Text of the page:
Judging by the rate and scale of land purchases in the area between the East African Rift Valley and the Nile River Valley, it would appear that corporate agribusiness has decided that the centre of Africa is the future. By Kalundi Serumaga
In just 2009, more than half of the land deals completed or under negotiation globally took place in Africa, comprising some 39.7m acres. Researchers tell us that this is more than the combined cultivated areas of Belgium, Denmark, France, Germany, the Netherlands and Switzerland.
The Great Lakes countries, particularly Uganda, South Sudan and the Democratic Republic of Congo, sit at the epicentre of this bounty. According to a 2015 mapped estimate, it is those areas that are projected to create the greatest yield per hectare.
Uganda lies at the heart of this enterprise. With the exception of the greatly environmentally challenged Lake Chad (which has shrunk from being in seven to only five countries now), just about every other significant fresh water body on the continent lies within 1,000 kilometres of Uganda. Not surprisingly, the nation has very close ties with all the important Western countries.
With the world’s population set to reach over 9 billion by 2040, and to be comprised of largely landless urban people, this could become a very lucrative and captive market for anyone able to produce cheap, basic foodstuffs on a mass basis.
Studies are yet to reveal key factors driving the epidemic of large-scale land acquisitions, but my money is on the argument that this is the only way one can explain why well-connected Africans who have neither the experience nor the expertise to manage large-scale mechanised agriculture are at the forefront of grabbing fertile land. What are they anticipating? What do they know that we don’t?
Three major concerns
But this new thrust for African land throws up at least three major concerns around its future ownership, and its fertility and uses.
The first is mass displacement. This is a dangerous prospect faced by a growing number of communities all over the Great Lakes region. And it is an old story. A lot of the fighting in the Nuba mountains and pre-partition Southern Sudan was actually driven by the need of Khartoum-based wheat oligarchs for more and more vacant, fertile land.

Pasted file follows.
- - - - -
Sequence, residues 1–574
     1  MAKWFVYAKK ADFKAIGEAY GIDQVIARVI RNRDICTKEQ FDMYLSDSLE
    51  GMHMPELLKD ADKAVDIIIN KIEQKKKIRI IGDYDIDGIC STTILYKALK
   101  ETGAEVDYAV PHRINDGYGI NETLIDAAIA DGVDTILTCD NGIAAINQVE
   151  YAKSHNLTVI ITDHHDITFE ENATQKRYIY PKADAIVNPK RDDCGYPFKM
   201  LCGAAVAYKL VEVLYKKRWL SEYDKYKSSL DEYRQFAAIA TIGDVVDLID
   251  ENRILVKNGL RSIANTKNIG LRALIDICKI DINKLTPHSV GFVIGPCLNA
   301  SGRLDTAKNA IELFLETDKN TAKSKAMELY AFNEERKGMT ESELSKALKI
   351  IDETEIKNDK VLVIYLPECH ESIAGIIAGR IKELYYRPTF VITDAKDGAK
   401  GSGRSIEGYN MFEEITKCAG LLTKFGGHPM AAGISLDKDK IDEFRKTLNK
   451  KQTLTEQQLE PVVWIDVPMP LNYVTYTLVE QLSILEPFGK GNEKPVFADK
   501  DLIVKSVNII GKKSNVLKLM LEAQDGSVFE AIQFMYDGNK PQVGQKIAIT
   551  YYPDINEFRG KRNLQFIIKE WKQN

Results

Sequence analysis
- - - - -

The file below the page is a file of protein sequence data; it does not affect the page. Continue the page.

What is presented as intractable and inexplicable “tribal fighting” often masks very cold financial calculations. It was ever thus: mystification of African events has always been used as both a justification, and a cover for foreign financially-driven interventions – reaching all the way back to the colonisation of the continent.
The second concern is the issue of food dependency. The anthropologist Norah Owaraga has documented how the production of crops for the cash market has eaten into the ground space intended for food production in homesteads, and how this reinforces gender imbalances and creates household-level food insecurity.
The third concern is the inevitable introduction of genetically modified seeds as well as hyper fertilisers deep into the food production system. Science is divided on this matter. However, official Africa tends to agree with those who argue that such an India-style 1970s Green Revolution, is just not what Africa now needs.
Pan-Africanist Professor Dani Nabudere described this as capitalist scientific agriculture attempting “to destroy the small farmer and livestock keeper who have historically produced and reproduced natural seeds and domestic animal husbandry.”
India’s “Green Revolution” “was the first to witness the dispossession of the peasant farmers (who) had to leave the countryside and join the jobless and landless living in the shantytowns”, he explains.
While the intensive use of industrial fertiliser in India resulted in a massive increase in yield, it also changed the character of the land and seeped into water systems, making large tracts unsuitable for agriculture as well as uninhabitable for people or animals – thus increasing the rush to the slums in cities.
Indian agronomists are now busy trying to repair some of the damage caused by the intensive use of fertilisers. Is Africa ignoring the lessons learnt and rushing into the same fate? NA